Wall Street Searching for Inflation Rate, Airbnb Down After Figures

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Airbnb fell sharply on the stock exchanges in New York on Wednesday. The home rental platform performed better than experts expected last quarter, but the outlook for the current quarter was disappointing.

 

As a result, the stock was about 13 percent lower. However, investors’ attention was mainly focused on the US inflation figure, which was announced before the start of trading.

Consumer prices in the United States increased by 0.4 percent monthly in April. That was precisely in line with economists’ expectations, but more than in March. As a result, on an annual basis, inflation fell slightly to 4.9 percent. If inflation remains high, the Federal Reserve may raise interest rates further. At last week’s last interest rate decision, Fed President Jerome Powell hinted that the Fed may have finished raising rates.

Shortly after the start of trading, the Dow Jones index was 0.1 percent lower at 33,545 points. The broad S&P 500 rose 0.3 percent to 4133 points, and the tech indicator Nasdaq rose 0.8 percent to 12,274 points.

Rivian thickened more than 10 percent. The American manufacturer of electric cars suffered less-than-expected losses last quarter. Turnover was also higher than expected. Tech and web store group Amazon, which has a considerable interest in Rivian, won 2.3 percent.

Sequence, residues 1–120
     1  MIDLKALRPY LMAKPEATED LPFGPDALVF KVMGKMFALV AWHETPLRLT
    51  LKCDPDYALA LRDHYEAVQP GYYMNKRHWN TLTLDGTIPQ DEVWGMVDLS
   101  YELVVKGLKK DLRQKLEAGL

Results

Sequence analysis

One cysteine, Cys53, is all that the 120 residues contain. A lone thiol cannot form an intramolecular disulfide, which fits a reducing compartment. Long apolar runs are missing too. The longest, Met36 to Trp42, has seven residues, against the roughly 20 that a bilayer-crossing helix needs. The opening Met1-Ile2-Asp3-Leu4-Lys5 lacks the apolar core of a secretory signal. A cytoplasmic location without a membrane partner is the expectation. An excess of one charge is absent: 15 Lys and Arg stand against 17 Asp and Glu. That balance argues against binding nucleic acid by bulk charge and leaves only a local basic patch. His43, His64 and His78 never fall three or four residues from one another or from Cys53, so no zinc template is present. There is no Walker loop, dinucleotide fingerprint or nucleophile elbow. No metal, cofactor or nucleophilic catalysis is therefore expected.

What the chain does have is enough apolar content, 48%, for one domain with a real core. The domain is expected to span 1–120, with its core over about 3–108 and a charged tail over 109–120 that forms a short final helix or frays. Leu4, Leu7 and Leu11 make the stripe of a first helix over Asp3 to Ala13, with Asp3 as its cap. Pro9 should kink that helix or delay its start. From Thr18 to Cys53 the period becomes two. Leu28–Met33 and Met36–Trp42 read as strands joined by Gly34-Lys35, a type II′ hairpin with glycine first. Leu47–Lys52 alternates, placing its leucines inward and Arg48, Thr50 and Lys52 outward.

Occidental Petroleum fell 2 percent after a disappointing quarterly profit from the oil and gas producer. Electronic Arts lost 1.3 percent. The American computer game developer posted more turnover and profit last quarter but remained cautious with its forecasts for the current quarter.

Twilio plummeted more than 17 percent. The cloud communications company booked slightly more turnover last quarter than experts had expected. However, the outlook for the current quarter was disappointing.

Paramount Global remained virtually flat. The company behind the film studio of the same name and television channels such as MTV, CBS and Nickelodeon is cutting about a quarter of the jobs at its domestic cable channels because they are losing more and more viewers.

Walt Disney won 0.2 percent. The media and entertainment group will report its quarterly results after the closing bell on Wall Street.

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